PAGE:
Laf. Adv. 6/13/1896



The "early closing" movement for the Summer, has been "knocked out" for a season at least, because of the refusal of three or four of the larger retail stores to enter into the agreement. The Advertiser believes the merchants have taken a wrong view of the question and are missing one of the good things of their lives. Lafayette Advertiser 6/13/1896.



Pellerin and Bros. have put in electric fans and made other improvements which add both to the comfort and appearance of their place of business. Laf. Adv. 6/13/1903


The wholesale Grocer Co. have begun the erection of a large two story brick building near the Houston Brewing Co.'s warehouse. Laf. Adv. 6/13/1903

Changing Hands. - Messrs. Louis Guerre and Frank Broussard have purchased of Mr. D. V. Gardebled his drug store, and will conduct the business under the firm name of Guerre and Broussard. Both of these young men are natives of Lafayette and are held in the highest esteem by all who know them. The Advertiser joins with their many friends in best wishes for great success in their venture. Lafayette Advertiser 6/14/1902.

Shaving with a dull razor is useless torture; why not have it honed by A. J. Bonnet, the Bicycle Doctor. Laf. Adv. 6/14/1905


 Keep cool, Electrical fans, the kind you want, at The Lacoste Hardware Co. Ltd.
 Laf. Adv. 6/14/1905



Mr. Gus Schmulen will begin the erection of a two story brick store on his lot on Pierce street very shortly, and preparatory to building he is having the residence in the rear of his present store moved to the Mudd addition. Meantime he will occupy the Trahan building just across from his store as a residence. Laf. Adv. 6/14/1905
Mr. William Campbell has purchased from the estate of M. E. Girard the property on South Main Street, East of Mr. Priollaud's jewelry store, and recently occupied by Mr. Chas. Caffery as a law office. Mr. Campbell has secured a most desirable site for a law office.
Lafayette Advertiser 6/14/1890.



A Force Pump. - Mr. John Vigneaux has a force pump in operation at his branch livery stable near the depot, and a sufficient length of hose to enable him to sprinkle the entire length of the his stable and the street and sidewalk for some distance around. These little pumps are a great comfort and convenience, and there should be more of them used here. The cost is light. Laf. Adv. 6/15/1889.


Sayings and Axioms from Falk.

 "The wise purchaser buys when prices are low." They are specially so just now at Falk's. Don't wait a month or so before getting what you need, there may be a rise in the market, and then you will regret your slowness.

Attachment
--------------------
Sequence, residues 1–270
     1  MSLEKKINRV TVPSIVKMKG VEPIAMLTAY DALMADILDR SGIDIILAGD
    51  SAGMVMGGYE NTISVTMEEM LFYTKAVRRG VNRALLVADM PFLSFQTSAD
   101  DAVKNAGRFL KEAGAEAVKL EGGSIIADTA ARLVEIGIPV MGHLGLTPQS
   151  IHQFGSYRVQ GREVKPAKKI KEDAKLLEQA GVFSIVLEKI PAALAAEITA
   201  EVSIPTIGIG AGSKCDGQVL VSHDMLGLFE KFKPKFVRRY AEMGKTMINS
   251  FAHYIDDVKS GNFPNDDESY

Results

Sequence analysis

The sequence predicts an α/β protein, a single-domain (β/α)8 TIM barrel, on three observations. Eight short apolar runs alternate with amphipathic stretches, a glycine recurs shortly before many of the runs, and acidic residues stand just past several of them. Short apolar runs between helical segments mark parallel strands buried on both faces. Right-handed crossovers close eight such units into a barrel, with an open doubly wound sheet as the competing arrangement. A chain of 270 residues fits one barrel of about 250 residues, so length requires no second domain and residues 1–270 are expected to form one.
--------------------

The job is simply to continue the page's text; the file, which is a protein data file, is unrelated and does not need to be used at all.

"The shortest road to happiness is to start." The man who puts off never achieves. Bargains are always in the present tense. Come to Falk's to-day, now.

 "The truest wisdom is a resolute determination." To be resolute is to be a success. Don't start for Falk's and stop at the other man's store when you want Dry Goods, Furniture, or Stoves, or else, my good friends you will display a lack of wisdom.

 "First be sure you're right, then go ahead." In choosing your Store you can not be too sure you are right. Think of your past experiences and you will decide in Falk's favor.

 "A well is not to be filled with dew," nor is your bank income increased by desultory savings. Don't trade once in a while with the cheap, reliable store, but always and at all times. That one Cheap and Reliable Store you will find is
   B. FALK'S, near the Opera House.
         Lafayette Advertiser 6/15/1901.




ICE. - The two handsome ice wagon's belonging to the People's Cotton Oil Seed Company have begun their daily runs and last Monday delivered "free ice." Laf. Adv. 6/15/1901.



Considering themselves as much entitled to a day of rest as other people, the barbers of the town have bound themselves, one to the other, not to shave or cut hair on Sunday. It seems to us to be a commendable move. Laf. Adv. 6//16/1894


Mr. Neuville Landry, of Breaux Bridge, will move to this town about the first of July. He and wife will open and manage a confectionary and refreshment saloon in Mr. Clemille Trahan's new store building on Lincoln Avenue. Laf. Adv. 6/16/1894


The dwelling house and tin shop facing the north side of the court square and belonging to the succession of Antonio Caro and Rosalie Billaud was purchased by Mr. O. Falgo, of New Orleans for $900.00 at a private sale, recently. The new owner at once began repairing and renovating the property so as to place it in a good condition for rent. Laf. Adv. 6/16/1894


 Dr. Franklin Mouton is having a neat office built on the corner of Washington and Vermilion streets. The work is being done by Mr. Sarrazin Broussard.
Laf. Adv. 6/20/1891


 Mr. Louis Domegeaux's building near the depot, on Lincoln avenue, recently used as a livery stable, is now being altered and improved, and will be used for a storehouse. Laf. Adv. 6/20/1891





Businesses Requested to Close For the Feast of Corpus Christi. 

Yesterday, a paper signed by the Mayor, Rev. B. Branche and many merchants and businessmen of the place was circulated, requesting that all places of business be closed to-morrow at least between the hours of nine and eleven o'clock A. M.

 The reason for this, other than proper respect for the day, is that at St. John's Church on to-morrow the feast of Corpus Christi will be celebrated; and all the clerks and others whose usual avocations might keep them away are desirous of attending the mass.